Larry Dixon, vice president of auction data solutions for the NAAA, shared key metrics points and takeaways from the association's latest data report during the CAR event on March 27, 2024. -...

Larry Dixon, vice president of auction data solutions for the NAAA, shared key metrics points and takeaways from the association's latest data report during the CAR event on March 27, 2024.

Photo: Ross Stewart / Stewart Digital Media

While wholesale vehicle prices may be easing down, several other key metrics measuring auction performance are moving up from pandemic-era lows, according to the annual State of the Auction Industry report delivered March 27 during the Conference of Automotive Remarketing in Phoenix.

Larry Dixon, vice president of auction data solutions for the National Auto Auction Association, shared key metrics points and takeaways that came from a recently completed 2023 survey of wholesale auto auction transactions among NAAA member owners and operators.

The Latest Statistics Story

Looking at sales volumes, the industry has passed the low point from the pandemic period, with NAAA member auctions up last year as 12 million vehicles were entered for sale, and of those, 7.3 million vehicles sold, Dixon said.

That represents an 11% increase compared to 2022, and a conversion rate of 60.7%, up slightly from the previous year. That rate surpassed typical ones from 2019 and previous years.

Members reported that average wholesale prices were down last year, falling by about 9.6% from 2022 levels. But despite that drop, prices were still 34% higher than they were in 2019.

“This probably doesn't come as a surprise to many of you, but we still have some ways to go before prices come anywhere near where they were before the pandemic,” Dixon said.

In terms of the total gross value of vehicles sold, prices were down, but volume was up to about 700,000 units. On net, the total gross value of vehicles sold last year resembled values in 2022, which equates to about $110.6 billion, or four-tenths of a point above 2022 figures.

“Wholesale prices are growing over the first quarter of the year but are not expected to grow to the extent they did last year,” he added.

In-Lane Versus Online Auction Vehicle Volumes

The NAAA this year changed how it interprets and extrapolates data from the 2023 member survey so it could better report on in-lane and simulcast auction sale characteristics, Dixon said.

Among the insights from respondents:

  • About 50% of vehicles were sold to in-lane bidders and 50% were sold to online bidders or buyers.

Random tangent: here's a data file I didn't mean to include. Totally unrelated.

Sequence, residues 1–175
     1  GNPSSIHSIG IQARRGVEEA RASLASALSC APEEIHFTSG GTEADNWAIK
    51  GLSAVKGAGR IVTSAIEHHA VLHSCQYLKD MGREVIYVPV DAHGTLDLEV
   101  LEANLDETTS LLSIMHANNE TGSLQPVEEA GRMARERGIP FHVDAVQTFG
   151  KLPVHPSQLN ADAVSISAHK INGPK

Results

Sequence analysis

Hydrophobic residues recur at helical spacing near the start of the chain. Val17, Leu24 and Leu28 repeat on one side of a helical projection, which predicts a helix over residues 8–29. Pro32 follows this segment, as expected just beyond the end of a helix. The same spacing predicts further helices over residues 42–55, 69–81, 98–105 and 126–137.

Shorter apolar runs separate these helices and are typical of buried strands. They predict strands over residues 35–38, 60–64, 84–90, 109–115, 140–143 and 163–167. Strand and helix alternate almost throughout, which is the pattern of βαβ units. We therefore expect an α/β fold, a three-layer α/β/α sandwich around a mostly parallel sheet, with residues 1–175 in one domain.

• 52% of dealer vehicles were purchased by in-lane buyers and 48% were purchased by online buyers.
  • Among commercial vehicles, 47% were bought in-lane, and 53% were purchased online.
  • Conversion rates for in-lane simulcast sales: For dealer vehicles it was 52% in 2023, while commercial vehicles came in at 68%.

The interpolation of the annual survey underscores the efficiency of the auction industry, Dixon said. Deeper data provides the NAAA with a better understanding of how its members handle the volume and number of vehicles going through member auctions,

“NAAA Chairman Garrison Hudkins likes to say that auctions are not only remarketing companies, but they're also logistics companies, marketing companies, banking organizations, and service companies,” Dixon said. “And let’s not forget, they're also major employers. It's important to consider the fundamental role that 340+ NAAA member auctions play in the auto industry each year facilitating the exchange of millions of vehicles worth over $100 billion.”

The amount of commerce these remarketing supercenters make possible deserves to be called out, he added.

Recent Auction Data Points to More Activity

Year-to-date AuctionNet results are based on NAAA’s wholesale sales database of about 265 NAAA members in the U.S, which is about 81% of NAAA U.S.-based auction members who contribute their data weekly.

“Like we saw with survey results, auction sales were higher last year by 6% year over year exceeding 6.1 million units,” Dixon said. “That growth trend jumped up even more continuing into the first couple of months of this year. Sales in January were up by 9% year over year, and they jumped to 17% growth through February with net sales up by 13% year to date through the first two months of this year.”

Commercial sales are driving this increase, he said. “There are far more commercial vehicles running through the lanes today than there were last year. Overall, commercial sales were up 34% year to date, while dealer sales were up by less than 1%.”